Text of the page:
Heather: Well, obviously having a liquor license is a huge advantage. For this neighborhood, I think it's a must. Happy hour, which we do seven days a week, draws a nice crowd. But we do have our customers who really like to bring their own liquor, and those customers still go to Collingswood. So people have their preferences as far as BYO or not BYO. But it gave us a chance to be really creative with our cocktails and beer and wine lists.
Tobi Moser (general manager): We try to use all of the spices from the kitchen in our cocktails, with things like homemade simple syrups. We have cardamom, ginger, and mango on there. We do a wine pairing with our chef's tasting as well, and it's a totally different kind of cuisine than I was used to before I started here, so matching wines with that is kind of challenging.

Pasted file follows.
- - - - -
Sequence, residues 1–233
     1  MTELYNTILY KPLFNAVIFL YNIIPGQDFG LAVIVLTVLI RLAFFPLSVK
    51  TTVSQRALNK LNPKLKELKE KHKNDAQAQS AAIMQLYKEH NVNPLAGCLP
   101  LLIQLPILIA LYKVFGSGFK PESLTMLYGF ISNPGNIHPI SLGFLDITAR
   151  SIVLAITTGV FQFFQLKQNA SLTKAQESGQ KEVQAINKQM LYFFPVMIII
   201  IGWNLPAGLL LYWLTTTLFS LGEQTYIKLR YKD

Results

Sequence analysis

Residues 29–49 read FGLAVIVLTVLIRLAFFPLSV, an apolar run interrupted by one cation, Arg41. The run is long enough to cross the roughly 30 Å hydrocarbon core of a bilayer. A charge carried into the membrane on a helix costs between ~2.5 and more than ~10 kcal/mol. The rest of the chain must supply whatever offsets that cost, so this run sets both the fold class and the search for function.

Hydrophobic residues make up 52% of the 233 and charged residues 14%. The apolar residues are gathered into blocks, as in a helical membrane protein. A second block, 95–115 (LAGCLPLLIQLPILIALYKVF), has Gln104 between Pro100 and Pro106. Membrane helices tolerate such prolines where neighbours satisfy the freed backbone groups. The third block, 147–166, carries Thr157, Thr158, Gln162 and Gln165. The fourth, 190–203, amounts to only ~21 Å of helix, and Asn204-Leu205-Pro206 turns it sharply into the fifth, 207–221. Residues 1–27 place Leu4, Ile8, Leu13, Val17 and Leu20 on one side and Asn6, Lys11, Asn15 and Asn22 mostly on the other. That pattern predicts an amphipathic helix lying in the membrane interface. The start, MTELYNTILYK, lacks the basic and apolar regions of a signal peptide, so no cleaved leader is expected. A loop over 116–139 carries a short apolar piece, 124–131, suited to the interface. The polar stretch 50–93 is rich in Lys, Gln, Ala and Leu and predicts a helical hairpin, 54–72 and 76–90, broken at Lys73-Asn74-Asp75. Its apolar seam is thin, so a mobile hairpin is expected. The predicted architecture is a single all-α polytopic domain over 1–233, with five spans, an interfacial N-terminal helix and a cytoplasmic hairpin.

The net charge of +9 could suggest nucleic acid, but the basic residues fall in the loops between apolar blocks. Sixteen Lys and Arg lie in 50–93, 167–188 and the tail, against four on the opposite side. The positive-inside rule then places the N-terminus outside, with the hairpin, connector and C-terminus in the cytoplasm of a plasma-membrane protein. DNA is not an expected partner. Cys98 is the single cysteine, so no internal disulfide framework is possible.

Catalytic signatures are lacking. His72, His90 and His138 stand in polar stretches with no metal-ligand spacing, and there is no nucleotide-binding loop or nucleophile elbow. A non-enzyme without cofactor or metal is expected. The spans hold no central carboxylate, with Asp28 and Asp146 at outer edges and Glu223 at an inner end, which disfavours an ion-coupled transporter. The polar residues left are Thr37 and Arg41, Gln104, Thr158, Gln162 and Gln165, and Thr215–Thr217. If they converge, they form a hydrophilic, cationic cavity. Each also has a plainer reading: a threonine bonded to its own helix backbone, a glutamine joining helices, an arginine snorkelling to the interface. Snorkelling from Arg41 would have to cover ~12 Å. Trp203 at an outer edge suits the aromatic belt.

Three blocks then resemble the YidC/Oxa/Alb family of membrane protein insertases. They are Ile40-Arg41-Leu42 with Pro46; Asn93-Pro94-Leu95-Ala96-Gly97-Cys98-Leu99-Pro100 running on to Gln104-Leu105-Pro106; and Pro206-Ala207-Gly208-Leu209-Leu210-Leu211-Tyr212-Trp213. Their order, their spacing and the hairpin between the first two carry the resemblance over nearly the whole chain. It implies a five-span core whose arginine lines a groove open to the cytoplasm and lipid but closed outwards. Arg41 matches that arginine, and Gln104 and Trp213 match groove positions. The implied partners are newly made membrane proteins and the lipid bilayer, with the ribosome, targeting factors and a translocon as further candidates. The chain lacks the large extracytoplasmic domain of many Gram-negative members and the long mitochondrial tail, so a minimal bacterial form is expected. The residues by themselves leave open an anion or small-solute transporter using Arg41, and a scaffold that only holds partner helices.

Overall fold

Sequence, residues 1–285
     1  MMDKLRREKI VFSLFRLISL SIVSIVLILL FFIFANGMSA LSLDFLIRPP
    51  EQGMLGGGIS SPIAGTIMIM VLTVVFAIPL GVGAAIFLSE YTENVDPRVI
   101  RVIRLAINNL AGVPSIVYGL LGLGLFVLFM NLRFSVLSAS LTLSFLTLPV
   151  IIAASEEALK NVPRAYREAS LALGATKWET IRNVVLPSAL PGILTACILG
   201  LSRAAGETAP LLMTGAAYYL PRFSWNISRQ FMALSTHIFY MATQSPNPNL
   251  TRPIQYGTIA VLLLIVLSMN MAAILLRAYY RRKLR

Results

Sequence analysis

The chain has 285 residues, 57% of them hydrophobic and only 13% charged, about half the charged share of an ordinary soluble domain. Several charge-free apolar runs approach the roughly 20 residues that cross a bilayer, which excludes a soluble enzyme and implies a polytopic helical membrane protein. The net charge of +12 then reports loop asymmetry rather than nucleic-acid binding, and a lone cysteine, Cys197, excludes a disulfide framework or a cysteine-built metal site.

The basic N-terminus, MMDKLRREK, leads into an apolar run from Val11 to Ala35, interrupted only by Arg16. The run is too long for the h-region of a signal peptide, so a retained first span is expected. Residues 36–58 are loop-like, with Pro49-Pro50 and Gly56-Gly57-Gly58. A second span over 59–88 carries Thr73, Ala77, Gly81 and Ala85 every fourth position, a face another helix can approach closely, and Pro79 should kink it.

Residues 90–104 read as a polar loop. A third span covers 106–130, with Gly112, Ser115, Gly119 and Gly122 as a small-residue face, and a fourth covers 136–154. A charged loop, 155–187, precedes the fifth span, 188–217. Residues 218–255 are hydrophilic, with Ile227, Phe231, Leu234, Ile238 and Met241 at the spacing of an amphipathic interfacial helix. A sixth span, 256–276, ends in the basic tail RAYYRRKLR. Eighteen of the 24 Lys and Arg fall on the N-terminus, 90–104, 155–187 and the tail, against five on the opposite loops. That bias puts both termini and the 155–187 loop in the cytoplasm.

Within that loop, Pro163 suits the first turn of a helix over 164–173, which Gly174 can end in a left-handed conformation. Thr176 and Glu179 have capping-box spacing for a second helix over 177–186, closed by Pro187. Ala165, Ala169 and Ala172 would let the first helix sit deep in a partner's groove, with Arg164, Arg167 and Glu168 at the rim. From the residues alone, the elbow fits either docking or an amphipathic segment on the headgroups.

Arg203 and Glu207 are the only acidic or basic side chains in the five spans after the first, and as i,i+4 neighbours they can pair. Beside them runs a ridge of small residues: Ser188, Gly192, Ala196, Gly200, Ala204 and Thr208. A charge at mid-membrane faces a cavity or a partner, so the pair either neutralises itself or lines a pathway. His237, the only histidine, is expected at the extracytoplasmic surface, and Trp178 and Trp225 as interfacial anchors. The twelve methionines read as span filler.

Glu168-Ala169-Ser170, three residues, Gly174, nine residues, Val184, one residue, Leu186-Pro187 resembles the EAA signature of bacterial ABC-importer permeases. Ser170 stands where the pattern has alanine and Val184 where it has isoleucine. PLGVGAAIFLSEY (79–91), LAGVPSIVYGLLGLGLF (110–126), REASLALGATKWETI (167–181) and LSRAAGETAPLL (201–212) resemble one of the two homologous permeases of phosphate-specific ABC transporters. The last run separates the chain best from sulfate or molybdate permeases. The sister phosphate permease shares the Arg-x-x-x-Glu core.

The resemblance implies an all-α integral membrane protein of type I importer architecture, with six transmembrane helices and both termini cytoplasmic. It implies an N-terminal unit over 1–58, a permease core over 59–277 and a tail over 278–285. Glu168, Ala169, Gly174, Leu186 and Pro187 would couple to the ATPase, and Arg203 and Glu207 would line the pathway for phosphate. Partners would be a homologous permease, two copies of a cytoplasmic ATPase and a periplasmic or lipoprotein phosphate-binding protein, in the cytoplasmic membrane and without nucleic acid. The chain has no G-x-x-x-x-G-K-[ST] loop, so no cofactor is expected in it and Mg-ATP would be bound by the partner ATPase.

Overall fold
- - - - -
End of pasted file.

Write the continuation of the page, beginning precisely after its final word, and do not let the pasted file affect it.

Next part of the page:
[Photo: Robert Allan Design]
Do you get people who visit both restaurants, since they're so close?
Heather: We do. A lot of the people in South Jersey work over here, so we'll see some of them at lunchtime, or happy hour before they head home, since we're right next to PATCO. And we've seen a lot of Philadelphia people that come here and then say they want to try it over in Collingswood. And they are different — Collingswood has a nice patio, and here there's liquor of course. And we also have different menus, so people like to try both.
So there was an obvious upside to coming to Philadelphia, but were there any challenges, or things you planned to do that you couldn't make happen here?